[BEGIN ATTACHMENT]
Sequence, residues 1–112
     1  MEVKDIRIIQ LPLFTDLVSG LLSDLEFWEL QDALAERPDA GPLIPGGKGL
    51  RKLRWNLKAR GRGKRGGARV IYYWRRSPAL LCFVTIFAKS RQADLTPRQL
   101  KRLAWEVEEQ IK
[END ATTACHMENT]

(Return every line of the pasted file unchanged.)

Sequence, residues 1–112
     1  MEVKDIRIIQ LPLFTDLVSG LLSDLEFWEL QDALAERPDA GPLIPGGKGL
    51  RKLRWNLKAR GRGKRGGARV IYYWRRSPAL LCFVTIFAKS RQADLTPRQL
   101  KRLAWEVEEQ IK